Salsa split Pivot Horse Thief 2

Rumors began circulating that Salsa was looking into a new suspension design for their mountain bikes sometime around Frostbike, and it’s finally official – the new Salsas are Split Pivot. Taking advantage of Dave Weagle’s Split Pivot design (also currently licensed by Devinci, Morewood, BH, and more), Salsa hopes to keep the adventurous spirit of mountain biking alive by providing even more capable, efficient machines.

Rather than a complete redesign, Salsa’s goal was to keep the original soul to the bikes but create an even better ultra endurance racing/riding bike out of the Spearfish and a more capable trail bike on rugged terrain out of the Horsethief. Details and specs after the break…

Salsa Spearfish Rear Split Pivot

The beauty of the Split Pivot design is that with the axle concentric around the rear pivot in combination with proper link placement, the frame can effectively decouple acceleration and braking forces. That means that the suspension is both more active under hard braking and also keeps supple small bump compliance under pedaling load. Weagle has alway been a proponent of using the suspension’s kinematics to control the ride rather than using high amounts of low speed compression damping, and the result is improved small bump compliance on both of the new rides through the custom tuned Fox Float CTD rear shock.

Salsa split Pivot Dropouts

Split Pivot also means a simple 142×12 axle system with the replaceable derailleur hanger built into the inside of the seat stay.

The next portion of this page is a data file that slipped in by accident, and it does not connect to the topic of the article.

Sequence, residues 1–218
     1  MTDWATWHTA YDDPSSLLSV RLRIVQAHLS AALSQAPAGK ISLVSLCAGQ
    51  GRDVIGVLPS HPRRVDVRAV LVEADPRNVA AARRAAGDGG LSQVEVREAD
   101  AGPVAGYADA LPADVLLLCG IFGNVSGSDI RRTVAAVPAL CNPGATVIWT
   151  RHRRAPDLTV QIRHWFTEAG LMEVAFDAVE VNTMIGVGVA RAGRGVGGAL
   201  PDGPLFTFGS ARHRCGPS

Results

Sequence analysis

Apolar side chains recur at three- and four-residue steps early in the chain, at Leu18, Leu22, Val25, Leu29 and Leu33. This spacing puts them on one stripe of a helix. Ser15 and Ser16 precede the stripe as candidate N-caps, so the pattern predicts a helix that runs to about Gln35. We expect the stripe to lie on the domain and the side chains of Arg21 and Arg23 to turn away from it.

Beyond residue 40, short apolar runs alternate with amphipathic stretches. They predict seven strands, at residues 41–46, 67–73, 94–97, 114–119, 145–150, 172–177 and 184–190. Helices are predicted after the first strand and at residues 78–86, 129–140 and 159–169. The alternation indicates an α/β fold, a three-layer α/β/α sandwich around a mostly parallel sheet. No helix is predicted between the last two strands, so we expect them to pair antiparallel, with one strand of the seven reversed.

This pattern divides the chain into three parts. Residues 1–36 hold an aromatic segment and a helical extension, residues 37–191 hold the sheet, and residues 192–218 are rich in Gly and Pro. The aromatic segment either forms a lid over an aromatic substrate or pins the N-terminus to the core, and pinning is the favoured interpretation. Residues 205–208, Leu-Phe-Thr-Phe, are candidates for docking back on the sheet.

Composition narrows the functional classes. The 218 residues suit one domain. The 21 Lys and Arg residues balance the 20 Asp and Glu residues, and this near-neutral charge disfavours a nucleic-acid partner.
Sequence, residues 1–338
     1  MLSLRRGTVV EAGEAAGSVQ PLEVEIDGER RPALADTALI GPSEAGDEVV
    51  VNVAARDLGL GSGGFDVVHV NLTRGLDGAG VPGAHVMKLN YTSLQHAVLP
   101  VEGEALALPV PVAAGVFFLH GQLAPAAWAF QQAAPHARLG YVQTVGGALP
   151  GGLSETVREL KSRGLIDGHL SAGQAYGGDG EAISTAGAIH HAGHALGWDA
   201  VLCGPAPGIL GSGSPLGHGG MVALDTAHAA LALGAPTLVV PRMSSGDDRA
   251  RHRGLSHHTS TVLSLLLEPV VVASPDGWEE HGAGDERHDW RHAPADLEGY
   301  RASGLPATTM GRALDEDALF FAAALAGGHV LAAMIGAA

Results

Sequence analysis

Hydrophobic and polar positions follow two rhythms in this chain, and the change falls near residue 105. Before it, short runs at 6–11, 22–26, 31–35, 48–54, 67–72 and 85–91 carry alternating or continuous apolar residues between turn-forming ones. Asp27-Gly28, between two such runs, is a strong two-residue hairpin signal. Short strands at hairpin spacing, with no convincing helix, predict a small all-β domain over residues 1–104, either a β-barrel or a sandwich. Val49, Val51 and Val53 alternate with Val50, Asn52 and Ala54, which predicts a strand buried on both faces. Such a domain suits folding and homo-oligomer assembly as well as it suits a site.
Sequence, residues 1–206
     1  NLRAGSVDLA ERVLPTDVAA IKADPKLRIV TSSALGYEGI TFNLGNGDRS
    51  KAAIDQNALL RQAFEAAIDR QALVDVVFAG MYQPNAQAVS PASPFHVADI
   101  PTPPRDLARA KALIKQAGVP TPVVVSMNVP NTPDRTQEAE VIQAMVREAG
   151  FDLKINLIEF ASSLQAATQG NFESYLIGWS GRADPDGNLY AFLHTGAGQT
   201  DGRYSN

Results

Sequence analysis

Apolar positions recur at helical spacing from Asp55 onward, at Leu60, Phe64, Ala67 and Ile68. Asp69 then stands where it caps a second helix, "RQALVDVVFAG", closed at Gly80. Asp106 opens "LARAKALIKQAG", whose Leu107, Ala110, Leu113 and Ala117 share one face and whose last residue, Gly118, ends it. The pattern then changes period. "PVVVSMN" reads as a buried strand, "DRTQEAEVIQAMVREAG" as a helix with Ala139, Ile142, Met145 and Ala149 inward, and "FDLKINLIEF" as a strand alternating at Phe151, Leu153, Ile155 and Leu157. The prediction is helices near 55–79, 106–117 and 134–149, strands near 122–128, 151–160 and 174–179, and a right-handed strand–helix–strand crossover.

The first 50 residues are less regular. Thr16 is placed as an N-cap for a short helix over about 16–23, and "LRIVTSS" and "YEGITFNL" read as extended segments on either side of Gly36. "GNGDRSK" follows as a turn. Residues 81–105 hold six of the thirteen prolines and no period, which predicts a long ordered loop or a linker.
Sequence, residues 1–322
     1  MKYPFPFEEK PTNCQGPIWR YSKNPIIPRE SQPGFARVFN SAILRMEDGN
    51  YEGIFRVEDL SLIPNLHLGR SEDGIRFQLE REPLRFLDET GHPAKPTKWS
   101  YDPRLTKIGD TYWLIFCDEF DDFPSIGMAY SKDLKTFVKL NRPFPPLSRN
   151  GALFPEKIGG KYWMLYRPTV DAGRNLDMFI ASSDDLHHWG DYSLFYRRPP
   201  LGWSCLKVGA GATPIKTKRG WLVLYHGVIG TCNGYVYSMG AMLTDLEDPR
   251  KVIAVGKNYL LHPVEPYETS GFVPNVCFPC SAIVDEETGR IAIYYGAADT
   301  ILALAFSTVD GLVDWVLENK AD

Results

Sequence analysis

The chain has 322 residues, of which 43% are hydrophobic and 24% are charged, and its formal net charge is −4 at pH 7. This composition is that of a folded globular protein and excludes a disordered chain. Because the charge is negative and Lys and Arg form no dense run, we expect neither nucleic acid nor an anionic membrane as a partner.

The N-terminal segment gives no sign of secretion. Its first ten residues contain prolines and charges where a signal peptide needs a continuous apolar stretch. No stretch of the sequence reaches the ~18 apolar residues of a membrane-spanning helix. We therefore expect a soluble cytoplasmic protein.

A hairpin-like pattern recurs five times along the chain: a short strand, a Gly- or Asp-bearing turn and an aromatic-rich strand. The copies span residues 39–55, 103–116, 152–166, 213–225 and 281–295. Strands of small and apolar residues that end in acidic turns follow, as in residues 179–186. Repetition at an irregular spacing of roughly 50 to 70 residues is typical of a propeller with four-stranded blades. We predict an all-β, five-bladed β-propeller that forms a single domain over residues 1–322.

Salsa Spearfish Split Pivot Bike

The Spearfish continues life as an 80mm endurance racing/riding rig built around a 100mm travel fork with 51mm offset up front. Minimal changes were made to the frame’s layout though the chainstays have been shortened to 437mm for improved agility. Due to some FEA work on the AL-6066 -T6 double butted frame, the redesign resulted in an impressive 21% increase in lateral stiffness at the rear. Additional changes include a switch from a PF30 to a BB92 bottom bracket and a high direct mount front derailleur instead of a clamp style previously used.

Even as an endurance frame, tire clearance is designed around 29×2.25-2.35 (2.35 max) and it boasts dropper post compatibility. The frames should also include improved fit and finish with factory faced and reamed tubes, anodized finish options, and an improved hardware kit. One thing you gotta love about Salsa is how much detail they go into in their specs – right down to the 17287 & 6801 2RS sealed cartridge bearings speced on the frame. If only every company went to such depth.

Salsa Spear Fish Spread

Spearfish will be available in four different builds, the $5,499 anodized Spearfish XX1, the $4,099 Spearfish 1, the $3,299 Spearfish 2, and the $2,750 Spearfish 3 (clockwise from top left). While the XX1 model is anodized, the remaining models are all painted, and the Spearfish 1 will also be available as a frame only for $1,699. Sizing will be XS-XL.

Salsa HorseThief

When it came to the Horsethief, Salsa wanted to make the already capable, longer travel brother to the Spearfish more efficient and useable through the whole range of travel. The addition of Split Pivot was a great start as the shock no longer needs the low speed compression damping as mentioned and offers more support in the mid range while keeping the bottomless feel Split Pivot is known for. The Horsethief also goes on a chainstay reduction plan with a big drop from 460mm to 437mm – the same as the Spearfish.